Local newspapers have an extremely important role in shining a light on corruption, danger and crime in their communities. This is not a job likely to be picked up by anyone else should those newspapers close. They do this in an increasingly difficult financial environment.
They report on court cases, the costs of local services and interrogate local officials. Once our local press dies that these essentials will probably go unreported.
The public should be aware that today is the last day that they can make clear to the government that Section 40 of the Crime and Courts Act 2013 is not acceptable in a modern democracy that believes in a free press. This is a bizarre law that punishes truthful reporting by making newspapers and magazines of all sizes and shapes pay the legal costs of a law suit that proves that their reporting is accurate and should not be given a place in our legal system.
This could have extremely dangerous effect on our local newspapers that’s why so many local newspaper editors have spoken about their fears for the future if Section 40 is triggered.
Here’s how some local newspapers have responded to Section 40.
Cambrian News: Join us in the crucial fight to protect your right to know
“Section 40 of the Crime and Courts Act is an obscure piece of legislation for the public, but its implementation could force newspapers and magazines to pay both sides’ costs in privacy and libel cases, even if they successfully defend a legal action by showing their reporting was accurate and publication was in the public interest.
“A government consultation, which closes on Tuesday, is seeking opinions on whether or not to put costs orders under Section 40 into operation.
“This flies in the face of fundamental rights of the freedom of the press, freedom of expression, the public’s right to receive information, and the first principle of justice – that it should be fair.”
“It is no secret that the regional press operates in a very challenging commercial environment as we transition from being a print focused industry (where our revenues have been in decline for a number of years) into a digitally led business.
“The huge disruption in our industry has made the job of serving regional audiences harder, and it has been getting harder for the best part of a decade.
“I urge you to join me in opposing Section 40 of the Courts and Crime Act, a piece of legislation that would empower those who seek wrongdoing from the eyes of the public and add a huge financial risk to regional newspapers.”
Express & Star: Editor Keith Harrison on why we need you to speak up for us now
“Essentially, this is a piece of legislation that would mean newspapers paying the costs for anyone who wants to sue them – whether they are successful or not.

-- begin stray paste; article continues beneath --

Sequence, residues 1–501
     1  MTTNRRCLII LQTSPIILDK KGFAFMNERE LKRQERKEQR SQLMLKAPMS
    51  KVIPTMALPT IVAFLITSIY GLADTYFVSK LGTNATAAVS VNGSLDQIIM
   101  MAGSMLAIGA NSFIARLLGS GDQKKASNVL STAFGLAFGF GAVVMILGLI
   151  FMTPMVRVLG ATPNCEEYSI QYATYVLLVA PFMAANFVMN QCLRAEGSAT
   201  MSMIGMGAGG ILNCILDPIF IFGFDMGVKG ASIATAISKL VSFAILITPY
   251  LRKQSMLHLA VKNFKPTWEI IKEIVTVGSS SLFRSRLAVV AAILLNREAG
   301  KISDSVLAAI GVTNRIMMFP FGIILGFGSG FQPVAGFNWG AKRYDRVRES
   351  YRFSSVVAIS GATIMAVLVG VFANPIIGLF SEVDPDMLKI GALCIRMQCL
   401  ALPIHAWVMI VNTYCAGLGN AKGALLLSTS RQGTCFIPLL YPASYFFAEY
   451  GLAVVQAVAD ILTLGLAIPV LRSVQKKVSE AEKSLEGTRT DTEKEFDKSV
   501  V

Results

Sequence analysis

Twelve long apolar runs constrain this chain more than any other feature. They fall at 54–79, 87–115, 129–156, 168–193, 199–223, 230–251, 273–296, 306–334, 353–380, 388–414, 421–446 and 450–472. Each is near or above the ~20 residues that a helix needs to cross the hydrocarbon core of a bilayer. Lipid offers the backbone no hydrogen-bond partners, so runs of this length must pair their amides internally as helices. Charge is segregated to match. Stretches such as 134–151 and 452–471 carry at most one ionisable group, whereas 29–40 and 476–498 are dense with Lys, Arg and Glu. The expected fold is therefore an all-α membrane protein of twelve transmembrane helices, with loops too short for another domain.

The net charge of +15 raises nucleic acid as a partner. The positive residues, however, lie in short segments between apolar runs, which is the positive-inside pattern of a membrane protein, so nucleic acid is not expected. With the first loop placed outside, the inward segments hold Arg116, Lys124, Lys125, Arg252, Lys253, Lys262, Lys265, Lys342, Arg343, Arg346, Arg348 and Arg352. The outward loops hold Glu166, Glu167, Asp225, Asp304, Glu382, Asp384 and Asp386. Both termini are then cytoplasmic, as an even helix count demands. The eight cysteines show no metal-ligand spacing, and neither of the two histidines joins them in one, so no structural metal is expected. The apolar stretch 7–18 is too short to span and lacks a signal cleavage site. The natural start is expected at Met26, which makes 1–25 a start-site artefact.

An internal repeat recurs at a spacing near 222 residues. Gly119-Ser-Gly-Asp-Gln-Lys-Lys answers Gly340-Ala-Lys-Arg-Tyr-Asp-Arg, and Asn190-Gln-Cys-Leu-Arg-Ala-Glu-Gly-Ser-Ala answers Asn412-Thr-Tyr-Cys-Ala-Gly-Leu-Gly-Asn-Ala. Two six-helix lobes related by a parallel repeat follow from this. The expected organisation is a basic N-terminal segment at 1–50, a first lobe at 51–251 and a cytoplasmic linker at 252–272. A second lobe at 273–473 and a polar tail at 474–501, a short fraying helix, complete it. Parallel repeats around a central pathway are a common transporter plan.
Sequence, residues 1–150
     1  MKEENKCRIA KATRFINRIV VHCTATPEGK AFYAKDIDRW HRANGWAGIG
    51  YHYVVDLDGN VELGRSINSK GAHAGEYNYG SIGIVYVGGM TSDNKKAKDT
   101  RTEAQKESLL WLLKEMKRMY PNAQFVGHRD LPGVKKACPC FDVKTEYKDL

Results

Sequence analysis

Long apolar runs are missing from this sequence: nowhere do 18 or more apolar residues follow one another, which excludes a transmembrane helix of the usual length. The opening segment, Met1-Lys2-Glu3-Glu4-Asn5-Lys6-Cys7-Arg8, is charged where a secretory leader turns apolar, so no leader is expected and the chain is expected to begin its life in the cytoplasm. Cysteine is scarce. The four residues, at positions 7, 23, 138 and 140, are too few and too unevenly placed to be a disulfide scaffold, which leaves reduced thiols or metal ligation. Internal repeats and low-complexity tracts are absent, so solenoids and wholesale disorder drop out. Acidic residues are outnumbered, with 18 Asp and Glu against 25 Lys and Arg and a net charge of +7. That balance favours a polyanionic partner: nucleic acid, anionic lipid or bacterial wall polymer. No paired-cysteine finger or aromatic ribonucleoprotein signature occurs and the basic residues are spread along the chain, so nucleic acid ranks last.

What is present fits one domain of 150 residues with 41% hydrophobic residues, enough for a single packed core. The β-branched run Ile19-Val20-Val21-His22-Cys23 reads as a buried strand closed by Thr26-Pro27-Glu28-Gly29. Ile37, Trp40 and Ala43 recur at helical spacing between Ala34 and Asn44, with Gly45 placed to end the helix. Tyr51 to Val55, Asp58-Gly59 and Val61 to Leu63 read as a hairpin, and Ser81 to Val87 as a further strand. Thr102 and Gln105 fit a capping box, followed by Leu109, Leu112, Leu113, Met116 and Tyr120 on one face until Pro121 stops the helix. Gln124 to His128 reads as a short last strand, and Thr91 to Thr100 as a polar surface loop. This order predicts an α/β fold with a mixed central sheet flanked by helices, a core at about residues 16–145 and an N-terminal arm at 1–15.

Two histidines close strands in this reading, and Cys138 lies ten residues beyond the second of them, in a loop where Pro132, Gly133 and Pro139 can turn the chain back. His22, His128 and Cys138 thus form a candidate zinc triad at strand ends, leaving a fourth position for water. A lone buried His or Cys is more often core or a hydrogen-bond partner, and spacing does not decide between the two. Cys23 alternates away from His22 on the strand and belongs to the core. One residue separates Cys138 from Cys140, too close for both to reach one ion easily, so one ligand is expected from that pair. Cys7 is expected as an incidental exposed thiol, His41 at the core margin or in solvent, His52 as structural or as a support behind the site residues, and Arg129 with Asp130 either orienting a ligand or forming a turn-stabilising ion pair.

“It would lead to a raft of spurious complaints made by people unhappy with something they have seen in print, who could challenge matters all the way up to the High Court, safe in the knowledge that if they eventually lose the case . . . the newspaper will pay their costs.
“Not only is this lunacy, it is dangerous lunacy.”
Maidenhead Advertiser: Don’t let politicians kill off your local papers
“Section 40 of the Crime and Courts Act 2013 will mean newspapers that refuse to join the state-approved press regulator IMPRESS will have to pay the costs of both sides in civil cases like libel – even if they win.
“The costs will be ruinous for the local press and even national newspapers will be dissuaded from running contentious stories that could result in legal action.
“The most solid defence against a libel action is that a story is true.
“Section 40 undermines this crucial pillar of British justice and with it brings the whole house crashing down on the role of newspapers to inform the public without fear or favour.”
Nottingham Post: Resist this threat to your local newspaper’s survival
“The terrible revelation that murdered schoolgirl Milly Dowler had her mobile phone hacked by national newspaper journalists quite rightly caused public outrage.
“But rather than demanding to know why the long-standing criminal laws that prevent phone-hacking had not been enforced and guilty parties prosecuted, politicians instead started a process that could well diminish Britain’s freedom of the press.”
Shropshire Star: Join the Shropshire Star’s fight to keep free press
“But if the Government decides to go ahead and put Section 40 into action, it is something that will affect every single reader of this newspaper – because it will place draconian constraints on what information we can and can’t share with you. In short, it means we could be punished for telling the truth.
“Stories such as the controversy about the Future Fit hospital proposals, the troubles of Shropshire Council’s IP & E venture, and the fall-out from the Operation Chalice investigation into child sex abuse could all become a thing of the past if the Government chooses to activate Section 40.”